Do you see where this is going? I’m sure you do. Back to the management analogy:

  • As a manager of managers, you define what the interface that represents each of your teams looks like. For example, you may define particular measurements that are important, such as KPIs like application uptime, daily active users, and so on. You may also require that your managers hold weekly one to ones with each of their staff, write a report on progress to the rest of the company every two weeks, or to fix critical priority bugs in one business day.
  • Each of your managers has the flexibility of deciding exactly how those teams are run, as long as they follow the interface contract. So the way in which they decide to tackle improving the uptime percentage or the number of daily active users is entirely up to them. Which member staff works on which part of the codebase is down to them and the team. How and when they schedule their one-to-ones and the content that they discuss is for them to decide. But fundamentally, they should be done to abide by the contract of the interface.

Clear interfaces allow you to not have to worry about the exact implementation details of how each of your managers run their teams, but they allow you to make it clear exactly what you expect of each of them in doing so, and therefore how you define success. OK, I’ll stop the programming analogy now.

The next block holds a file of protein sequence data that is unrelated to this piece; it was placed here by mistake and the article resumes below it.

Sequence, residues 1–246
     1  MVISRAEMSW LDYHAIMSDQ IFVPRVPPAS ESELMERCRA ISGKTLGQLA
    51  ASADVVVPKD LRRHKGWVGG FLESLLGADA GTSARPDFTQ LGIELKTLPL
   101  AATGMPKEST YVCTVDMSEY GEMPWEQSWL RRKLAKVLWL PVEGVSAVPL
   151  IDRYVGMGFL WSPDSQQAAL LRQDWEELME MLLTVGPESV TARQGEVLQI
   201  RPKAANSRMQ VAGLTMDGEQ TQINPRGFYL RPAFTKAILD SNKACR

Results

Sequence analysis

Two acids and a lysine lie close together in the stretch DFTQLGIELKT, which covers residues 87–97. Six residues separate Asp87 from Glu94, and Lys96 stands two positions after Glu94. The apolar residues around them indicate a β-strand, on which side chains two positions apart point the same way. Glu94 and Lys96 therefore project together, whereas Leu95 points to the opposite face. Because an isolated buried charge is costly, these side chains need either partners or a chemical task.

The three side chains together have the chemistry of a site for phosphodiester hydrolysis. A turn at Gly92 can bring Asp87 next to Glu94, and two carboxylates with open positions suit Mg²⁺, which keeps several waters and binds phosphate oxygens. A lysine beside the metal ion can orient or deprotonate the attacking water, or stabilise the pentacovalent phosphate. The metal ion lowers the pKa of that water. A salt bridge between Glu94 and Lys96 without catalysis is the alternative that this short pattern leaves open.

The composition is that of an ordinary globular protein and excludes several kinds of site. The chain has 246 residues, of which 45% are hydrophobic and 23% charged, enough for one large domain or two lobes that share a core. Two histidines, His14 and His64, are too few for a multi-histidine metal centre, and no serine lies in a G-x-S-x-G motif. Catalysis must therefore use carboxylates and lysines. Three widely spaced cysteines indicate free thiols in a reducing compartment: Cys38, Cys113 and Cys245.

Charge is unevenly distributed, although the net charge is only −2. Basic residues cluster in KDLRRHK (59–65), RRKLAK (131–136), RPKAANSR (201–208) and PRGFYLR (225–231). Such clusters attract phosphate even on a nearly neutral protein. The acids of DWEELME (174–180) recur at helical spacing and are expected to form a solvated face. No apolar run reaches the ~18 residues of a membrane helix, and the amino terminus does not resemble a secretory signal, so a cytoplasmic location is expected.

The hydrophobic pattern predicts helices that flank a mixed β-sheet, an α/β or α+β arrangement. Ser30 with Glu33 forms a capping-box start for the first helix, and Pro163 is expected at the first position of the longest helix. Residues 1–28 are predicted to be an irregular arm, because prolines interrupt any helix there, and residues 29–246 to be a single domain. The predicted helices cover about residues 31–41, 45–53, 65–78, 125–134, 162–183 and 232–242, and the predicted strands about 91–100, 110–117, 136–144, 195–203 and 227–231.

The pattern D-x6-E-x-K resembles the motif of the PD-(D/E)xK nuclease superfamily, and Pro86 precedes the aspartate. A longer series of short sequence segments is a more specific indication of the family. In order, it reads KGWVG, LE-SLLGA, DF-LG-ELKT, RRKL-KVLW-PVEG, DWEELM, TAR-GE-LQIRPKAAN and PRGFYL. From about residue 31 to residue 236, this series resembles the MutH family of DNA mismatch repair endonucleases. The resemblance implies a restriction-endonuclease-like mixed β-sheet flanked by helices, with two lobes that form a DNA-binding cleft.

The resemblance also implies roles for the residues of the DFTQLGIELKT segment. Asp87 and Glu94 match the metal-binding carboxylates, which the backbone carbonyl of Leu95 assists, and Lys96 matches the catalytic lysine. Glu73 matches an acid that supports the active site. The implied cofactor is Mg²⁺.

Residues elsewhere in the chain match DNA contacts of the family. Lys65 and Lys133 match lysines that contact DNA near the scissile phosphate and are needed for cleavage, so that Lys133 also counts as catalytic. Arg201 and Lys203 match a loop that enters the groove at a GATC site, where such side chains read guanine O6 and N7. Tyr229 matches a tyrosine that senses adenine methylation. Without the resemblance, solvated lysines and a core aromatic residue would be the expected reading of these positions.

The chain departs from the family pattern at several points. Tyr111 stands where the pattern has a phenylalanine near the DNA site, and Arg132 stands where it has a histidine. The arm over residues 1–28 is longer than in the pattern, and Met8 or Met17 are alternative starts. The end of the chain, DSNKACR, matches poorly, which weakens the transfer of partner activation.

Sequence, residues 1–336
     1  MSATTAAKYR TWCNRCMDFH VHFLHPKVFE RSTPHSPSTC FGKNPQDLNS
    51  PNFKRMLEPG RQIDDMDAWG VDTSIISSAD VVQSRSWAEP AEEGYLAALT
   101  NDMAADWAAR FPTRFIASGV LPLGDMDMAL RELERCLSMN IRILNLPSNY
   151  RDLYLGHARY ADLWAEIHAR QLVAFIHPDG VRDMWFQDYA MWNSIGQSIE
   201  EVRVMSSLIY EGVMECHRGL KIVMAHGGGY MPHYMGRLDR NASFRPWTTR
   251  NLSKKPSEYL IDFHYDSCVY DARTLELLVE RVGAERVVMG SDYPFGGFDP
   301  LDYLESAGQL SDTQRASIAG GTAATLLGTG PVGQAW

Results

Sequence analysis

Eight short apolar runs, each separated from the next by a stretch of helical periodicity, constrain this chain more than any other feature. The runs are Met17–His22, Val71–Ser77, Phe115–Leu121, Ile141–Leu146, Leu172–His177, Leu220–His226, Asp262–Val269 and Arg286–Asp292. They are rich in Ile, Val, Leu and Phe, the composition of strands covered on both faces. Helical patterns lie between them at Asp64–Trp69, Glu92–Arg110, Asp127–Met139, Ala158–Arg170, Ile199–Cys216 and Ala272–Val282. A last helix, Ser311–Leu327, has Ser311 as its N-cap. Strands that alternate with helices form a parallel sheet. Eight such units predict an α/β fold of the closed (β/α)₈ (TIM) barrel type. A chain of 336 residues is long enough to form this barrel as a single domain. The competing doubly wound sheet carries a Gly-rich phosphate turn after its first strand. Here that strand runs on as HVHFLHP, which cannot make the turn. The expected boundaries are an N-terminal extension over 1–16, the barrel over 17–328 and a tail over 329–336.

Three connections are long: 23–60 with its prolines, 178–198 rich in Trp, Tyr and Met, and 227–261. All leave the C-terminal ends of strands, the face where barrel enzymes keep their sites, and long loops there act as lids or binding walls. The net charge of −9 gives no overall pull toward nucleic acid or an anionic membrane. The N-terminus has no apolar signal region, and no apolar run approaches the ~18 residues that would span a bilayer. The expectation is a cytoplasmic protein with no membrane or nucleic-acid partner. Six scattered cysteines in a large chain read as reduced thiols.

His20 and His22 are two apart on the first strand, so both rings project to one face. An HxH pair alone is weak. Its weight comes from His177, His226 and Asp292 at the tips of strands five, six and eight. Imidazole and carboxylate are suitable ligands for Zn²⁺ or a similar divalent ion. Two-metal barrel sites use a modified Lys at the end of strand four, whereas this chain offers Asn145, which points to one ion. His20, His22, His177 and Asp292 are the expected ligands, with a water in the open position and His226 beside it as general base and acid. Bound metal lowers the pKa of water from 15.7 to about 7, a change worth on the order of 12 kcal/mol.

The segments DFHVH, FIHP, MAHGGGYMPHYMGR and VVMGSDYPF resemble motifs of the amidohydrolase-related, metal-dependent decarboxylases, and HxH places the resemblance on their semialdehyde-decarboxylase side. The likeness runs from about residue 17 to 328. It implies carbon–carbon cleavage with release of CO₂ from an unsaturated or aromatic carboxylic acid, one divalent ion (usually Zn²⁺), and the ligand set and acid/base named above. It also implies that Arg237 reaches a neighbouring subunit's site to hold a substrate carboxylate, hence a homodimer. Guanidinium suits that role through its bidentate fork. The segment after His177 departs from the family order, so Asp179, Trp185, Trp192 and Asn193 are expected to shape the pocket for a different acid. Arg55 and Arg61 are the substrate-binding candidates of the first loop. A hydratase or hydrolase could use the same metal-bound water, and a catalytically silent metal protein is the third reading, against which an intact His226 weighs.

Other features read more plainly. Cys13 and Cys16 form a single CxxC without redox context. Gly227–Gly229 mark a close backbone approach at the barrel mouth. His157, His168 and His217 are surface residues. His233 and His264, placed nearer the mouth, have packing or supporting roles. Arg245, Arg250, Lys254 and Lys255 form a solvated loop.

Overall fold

Defining the interface

So you start by defining that interface with each of your managers. There’s a neat exercise for your first one-to-one meetings (although you can do it at any time) called Contracting, that I’ve written about before. You can expand on that Contracting exercise by having you both think about the answers to the following questions, which make up the interface:

  • What success looks like for the team. What measurements are being used to prove that the team is being successful? Is it working towards an outcome, or some KPI, or shipping particular projects on time? Does it also take into account the happiness, productiveness and psychological security of their staff? How will this information be gathered and made accessible to you?
  • Which processes will be used to run the team. In order to be successful, how are they going to compose themselves? Will they use scrum, kanban, just get on with it, or something else? How do they intend to ship to production regularly? How will they prioritize and execute on their work? Each team of yours may operate differently depending on the skills and seniority of the people on each.
  • How the manager interfaces with each of their own staff. They’ll need to think about the different personalities, skills and career development trajectories for each of their staff and consider what that means for how each of them can operate with autonomy, mastery and purpose. What is an acceptable cadence for one-to-ones? Do they prefer synchronous or asynchronous communication? 
  • How will you know if something is going wrong? Code throws errors or performs slowly, bringing problems to your attention. How will issues with the team be made visible so you can work on them together?